The New Age in Sustainability for Restaurants

The New Age in Sustainability for Restaurants?

 

When looking for a nice place to have dinner on a Saturday evening, the typical protocol includes checking yelp, or maybe asking a friend for a recommendation. What we want to know is what type of cuisine is being served, how good the service is, and what is affordable. But what most of us don’t think about is where our food is coming from when we go out to eat.

A new phenomenon is emerging in the restaurant industry that is putting a spin on traditional family owned businesses. A recent article sheds light on Manuel’s Tavern, an Atlanta restaurant that has been in popular destination for decades. But recently, Manuel’s has made new additions to its building. It created a permanent chicken coop on its roof where the restaurant employees collect fresh eggs from daily. These chickens consume organic feed and Manuel’s patrons get to enjoy dishes with organic food straight from the source. While the locavore movement is gaining speed, this new phenomenon is taking it one step further. It is not getting produce from local farms, but actually producing the food itself.

 

The farm-to-table movement as it is known is even helping the economy while being environmentally sustainable. After interstates and transportation technology became more advanced, it became more economically feasible to import produce from further and further away. Soon enough, being able to buy imported goods felt like a product of our growing economy. We could afford to ship food thousands of miles to have as big of a variety of choices as we wanted. But businesses are becoming increasingly more aware of the profits that they could be making if they switched to local.

 

With the rise of the locavore movement came the rise of the farm-to-table movement. Many think that the market for these types of restaurants is small, and that there probably are not any near them that use locally sourced foods or in the case of Manuel’s, produce the food themselves. In fact, the farm-to-table movement is growing so rapidly that chances are a restaurant near you is a supporter of it. In fact, I myself wasn’t aware of this phenomenon until recently. And upon doing a little research, I found out that one of Charlottesville’s most popular restaurants, The Local, is actually a strong supporter of this movement. Although it is one of the most well known places for both residents and UVA students to go for a bite to eat, I still never thought of the possibility that it operated under the farm-to-table ideology.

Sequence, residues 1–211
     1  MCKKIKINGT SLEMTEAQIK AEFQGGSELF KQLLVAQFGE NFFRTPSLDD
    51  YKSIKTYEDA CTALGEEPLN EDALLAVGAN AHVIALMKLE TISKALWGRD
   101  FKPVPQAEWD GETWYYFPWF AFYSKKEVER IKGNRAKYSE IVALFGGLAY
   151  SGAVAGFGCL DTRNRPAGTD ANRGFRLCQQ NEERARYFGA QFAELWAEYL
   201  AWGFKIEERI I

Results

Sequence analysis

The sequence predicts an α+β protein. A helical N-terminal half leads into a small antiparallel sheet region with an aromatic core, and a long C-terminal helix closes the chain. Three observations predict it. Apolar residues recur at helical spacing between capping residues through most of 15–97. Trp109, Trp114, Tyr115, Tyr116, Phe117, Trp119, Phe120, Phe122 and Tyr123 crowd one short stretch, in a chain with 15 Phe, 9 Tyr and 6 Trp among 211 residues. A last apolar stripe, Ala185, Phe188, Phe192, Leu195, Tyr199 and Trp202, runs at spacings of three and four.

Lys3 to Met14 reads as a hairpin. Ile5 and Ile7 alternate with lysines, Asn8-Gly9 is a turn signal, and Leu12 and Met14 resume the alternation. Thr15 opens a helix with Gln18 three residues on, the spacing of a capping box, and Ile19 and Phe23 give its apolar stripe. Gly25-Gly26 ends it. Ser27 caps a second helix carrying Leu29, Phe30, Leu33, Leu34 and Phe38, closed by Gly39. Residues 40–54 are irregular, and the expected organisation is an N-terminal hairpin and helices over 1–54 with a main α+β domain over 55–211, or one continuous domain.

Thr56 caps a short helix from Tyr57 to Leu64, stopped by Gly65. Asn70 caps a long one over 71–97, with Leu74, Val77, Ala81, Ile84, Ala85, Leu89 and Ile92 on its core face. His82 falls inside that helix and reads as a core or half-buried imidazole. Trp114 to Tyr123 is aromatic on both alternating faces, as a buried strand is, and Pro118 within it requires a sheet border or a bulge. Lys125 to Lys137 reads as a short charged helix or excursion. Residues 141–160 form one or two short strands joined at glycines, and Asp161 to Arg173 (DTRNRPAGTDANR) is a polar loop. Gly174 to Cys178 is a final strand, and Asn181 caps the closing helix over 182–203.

If more information and awareness about this new movement became available to more people, many would be more inclined to think carefully about where they choose to dine. As the knowledge gets around more, support for these restaurants, and in turn, local businesses increases immensely. More restaurants will look to this as a strategy and rethink their current system of importing. Manuel’s owners are aware that it might take some time for their system to catch on, but they’re confident that once the word gets out, people will be supportive. They themselves said they never understood the value of paying more for organic and local produce, but they now see the positive impact regarding sustainability and of course, profits for them. All it takes for these issues to emerge is more education. So next time you think about where to go for that burger craving, don’t consult yelp or a friend. Look into restaurants that support the farm-to-table movement.

 

http://www.entrepreneur.com/article/220357 By Bruce Schoenfeld

 

http://eatocracy.cnn.com/2014/02/04/classic-restaurants-evolve/?iref=allsearch


connect

get updates